ACLU, school district settle banned book dispute

The Associated Press
Saturday March 17, 2001

ANAHEIM — Biographies on homosexuals will be returned to a school library under terms of a settlement between the American Civil Liberties Union and the Anaheim Union High School District. 

In December, the ACLU filed a federal suit on behalf of two students claiming the district violated constitutional free speech rights when it removed 10 biographies from the library at Orangeview Junior High School. 

Among the banned books was a series called “Lives of Notable Gay Men and Lesbians” and biographies on tennis player Martina Navratilova, economist John Maynard Keynes, and writers Willa Cather and James Baldwin. 

The district approved a settlement during a Thursday night meeting and a motion for approval of the agreement was being filed Friday in U.S. District Court, ACLU attorney Martha Matthews said.  

The student plaintiffs weren’t identified. 

“The two plaintiffs in this case and their families, as well as the two librarians who fought to defend a core principle of their profession – intellectual freedom – deserve the thanks of every student and parent in the district for ensuring an environment that doesn’t shut out the contributions of gay, lesbian, bisexual and transgender people,” Matthews said.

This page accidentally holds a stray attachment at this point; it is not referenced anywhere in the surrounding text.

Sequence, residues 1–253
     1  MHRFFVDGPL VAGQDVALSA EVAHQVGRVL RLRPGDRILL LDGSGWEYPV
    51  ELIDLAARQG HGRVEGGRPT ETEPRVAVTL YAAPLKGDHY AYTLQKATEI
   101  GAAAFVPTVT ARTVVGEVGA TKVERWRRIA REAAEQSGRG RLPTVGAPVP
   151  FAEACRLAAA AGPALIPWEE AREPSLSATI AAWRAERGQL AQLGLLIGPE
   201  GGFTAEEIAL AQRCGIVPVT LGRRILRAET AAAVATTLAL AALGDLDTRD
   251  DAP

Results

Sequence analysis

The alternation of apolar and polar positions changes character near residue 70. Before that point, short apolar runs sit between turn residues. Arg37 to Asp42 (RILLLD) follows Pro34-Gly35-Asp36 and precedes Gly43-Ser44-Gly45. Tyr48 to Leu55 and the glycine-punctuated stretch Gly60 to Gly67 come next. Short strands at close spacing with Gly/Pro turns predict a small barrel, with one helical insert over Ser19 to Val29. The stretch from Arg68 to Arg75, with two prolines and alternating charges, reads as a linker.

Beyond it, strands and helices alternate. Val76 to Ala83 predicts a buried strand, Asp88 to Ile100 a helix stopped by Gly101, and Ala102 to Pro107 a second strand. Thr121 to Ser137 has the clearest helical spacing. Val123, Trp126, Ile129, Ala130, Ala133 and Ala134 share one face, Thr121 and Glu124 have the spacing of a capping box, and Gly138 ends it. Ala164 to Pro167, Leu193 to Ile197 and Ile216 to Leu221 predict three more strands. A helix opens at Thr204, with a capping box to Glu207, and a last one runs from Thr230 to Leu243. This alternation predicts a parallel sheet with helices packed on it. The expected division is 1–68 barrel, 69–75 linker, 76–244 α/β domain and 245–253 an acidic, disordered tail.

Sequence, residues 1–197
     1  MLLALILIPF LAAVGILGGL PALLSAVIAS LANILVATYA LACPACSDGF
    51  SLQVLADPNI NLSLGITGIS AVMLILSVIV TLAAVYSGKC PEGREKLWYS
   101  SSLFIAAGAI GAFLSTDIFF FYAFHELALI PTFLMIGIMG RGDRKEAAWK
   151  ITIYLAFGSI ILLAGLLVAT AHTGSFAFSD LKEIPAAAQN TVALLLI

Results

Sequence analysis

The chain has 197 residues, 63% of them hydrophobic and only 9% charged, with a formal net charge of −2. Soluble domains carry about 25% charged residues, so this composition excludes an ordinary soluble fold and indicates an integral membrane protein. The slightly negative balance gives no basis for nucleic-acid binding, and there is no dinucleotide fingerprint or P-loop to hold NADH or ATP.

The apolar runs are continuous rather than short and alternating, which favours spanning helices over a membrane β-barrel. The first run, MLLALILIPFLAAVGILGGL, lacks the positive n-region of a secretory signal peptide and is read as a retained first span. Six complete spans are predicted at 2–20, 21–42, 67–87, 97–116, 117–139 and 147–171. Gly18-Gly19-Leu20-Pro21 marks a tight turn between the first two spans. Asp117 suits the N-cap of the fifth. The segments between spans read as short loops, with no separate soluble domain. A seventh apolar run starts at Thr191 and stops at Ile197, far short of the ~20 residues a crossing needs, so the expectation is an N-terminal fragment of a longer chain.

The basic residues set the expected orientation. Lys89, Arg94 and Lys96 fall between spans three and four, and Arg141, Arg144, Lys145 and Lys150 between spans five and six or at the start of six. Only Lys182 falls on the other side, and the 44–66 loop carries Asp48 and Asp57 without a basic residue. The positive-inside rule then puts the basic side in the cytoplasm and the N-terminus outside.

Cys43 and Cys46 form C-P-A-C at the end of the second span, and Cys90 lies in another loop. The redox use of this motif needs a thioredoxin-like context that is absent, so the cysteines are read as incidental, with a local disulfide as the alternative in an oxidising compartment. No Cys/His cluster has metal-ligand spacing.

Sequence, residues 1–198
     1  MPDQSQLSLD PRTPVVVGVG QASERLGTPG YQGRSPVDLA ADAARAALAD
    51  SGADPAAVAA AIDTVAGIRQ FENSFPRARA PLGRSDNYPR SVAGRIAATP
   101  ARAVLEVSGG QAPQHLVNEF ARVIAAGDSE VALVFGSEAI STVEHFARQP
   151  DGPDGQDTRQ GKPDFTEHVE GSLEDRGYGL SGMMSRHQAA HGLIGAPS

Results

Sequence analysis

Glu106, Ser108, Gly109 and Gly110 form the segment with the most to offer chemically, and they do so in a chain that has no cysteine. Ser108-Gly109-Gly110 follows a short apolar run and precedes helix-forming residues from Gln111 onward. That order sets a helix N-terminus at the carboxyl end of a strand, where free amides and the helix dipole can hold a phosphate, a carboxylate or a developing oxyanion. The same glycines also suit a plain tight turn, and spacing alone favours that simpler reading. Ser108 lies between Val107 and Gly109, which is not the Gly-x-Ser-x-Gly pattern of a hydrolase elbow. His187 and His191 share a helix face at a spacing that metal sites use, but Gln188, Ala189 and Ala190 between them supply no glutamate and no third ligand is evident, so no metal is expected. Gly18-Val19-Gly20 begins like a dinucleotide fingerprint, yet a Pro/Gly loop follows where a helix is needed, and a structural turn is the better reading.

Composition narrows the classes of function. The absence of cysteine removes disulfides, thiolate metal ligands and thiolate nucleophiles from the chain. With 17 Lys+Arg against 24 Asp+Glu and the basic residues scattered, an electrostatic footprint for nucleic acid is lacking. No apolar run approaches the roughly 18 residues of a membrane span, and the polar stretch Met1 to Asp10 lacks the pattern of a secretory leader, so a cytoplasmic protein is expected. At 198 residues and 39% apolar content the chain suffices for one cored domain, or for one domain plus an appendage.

Protesters staged a noisy demonstration during the Thursday night school board meeting to demand settlement of the lawsuit. 

Board members discussed the lawsuit in closed session, although in open session they listened silently as protesters from both sides urged them to return the books at once or banish them forever. 

They did not publicly discuss a March 1 formal complaint filed against them by fellow board member Alexandria Coronado, who is opposed to returning the books to libraries. 

Coronado charged that the board secretly voted 3-to-1 to settle the lawsuit last month, but then refused to tell the public. The claim states she cast the dissenting vote.  

If her colleagues don’t admit that they have settled and publicly apologize for keeping it secret, Coronado said she would sue them for violating the state’s open meeting laws. 

“Everyone has a right to protest, but that doesn’t mean I think the books should go back on the shelves,” said Robin Bowman, a parent at Kennedy High School.